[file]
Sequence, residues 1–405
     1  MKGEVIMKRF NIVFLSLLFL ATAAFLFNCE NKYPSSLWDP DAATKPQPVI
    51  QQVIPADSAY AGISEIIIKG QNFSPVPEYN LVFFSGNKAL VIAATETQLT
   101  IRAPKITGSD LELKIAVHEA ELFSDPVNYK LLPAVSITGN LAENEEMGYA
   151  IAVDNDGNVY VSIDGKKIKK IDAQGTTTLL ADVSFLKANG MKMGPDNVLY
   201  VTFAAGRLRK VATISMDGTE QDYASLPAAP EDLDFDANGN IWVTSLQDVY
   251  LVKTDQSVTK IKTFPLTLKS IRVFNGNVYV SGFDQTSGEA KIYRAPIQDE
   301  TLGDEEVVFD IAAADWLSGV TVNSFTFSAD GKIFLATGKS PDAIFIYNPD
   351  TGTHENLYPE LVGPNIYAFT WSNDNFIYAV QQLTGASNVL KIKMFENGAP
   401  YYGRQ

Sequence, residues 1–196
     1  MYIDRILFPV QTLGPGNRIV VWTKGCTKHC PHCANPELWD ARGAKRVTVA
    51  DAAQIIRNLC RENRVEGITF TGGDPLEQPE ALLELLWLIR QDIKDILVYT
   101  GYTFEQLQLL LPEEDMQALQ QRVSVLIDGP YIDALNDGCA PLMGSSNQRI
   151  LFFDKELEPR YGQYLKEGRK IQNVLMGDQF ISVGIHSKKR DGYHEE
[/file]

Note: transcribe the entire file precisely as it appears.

Sequence, residues 1–405
     1  MKGEVIMKRF NIVFLSLLFL ATAAFLFNCE NKYPSSLWDP DAATKPQPVI
    51  QQVIPADSAY AGISEIIIKG QNFSPVPEYN LVFFSGNKAL VIAATETQLT
   101  IRAPKITGSD LELKIAVHEA ELFSDPVNYK LLPAVSITGN LAENEEMGYA
   151  IAVDNDGNVY VSIDGKKIKK IDAQGTTTLL ADVSFLKANG MKMGPDNVLY
   201  VTFAAGRLRK VATISMDGTE QDYASLPAAP EDLDFDANGN IWVTSLQDVY
   251  LVKTDQSVTK IKTFPLTLKS IRVFNGNVYV SGFDQTSGEA KIYRAPIQDE
   301  TLGDEEVVFD IAAADWLSGV TVNSFTFSAD GKIFLATGKS PDAIFIYNPD
   351  TGTHENLYPE LVGPNIYAFT WSNDNFIYAV QQLTGASNVL KIKMFENGAP
   401  YYGRQ

Sequence, residues 1–196
     1  MYIDRILFPV QTLGPGNRIV VWTKGCTKHC PHCANPELWD ARGAKRVTVA
    51  DAAQIIRNLC RENRVEGITF TGGDPLEQPE ALLELLWLIR QDIKDILVYT
   101  GYTFEQLQLL LPEEDMQALQ QRVSVLIDGP YIDALNDGCA PLMGSSNQRI
   151  LFFDKELEPR YGQYLKEGRK IQNVLMGDQF ISVGIHSKKR DGYHEE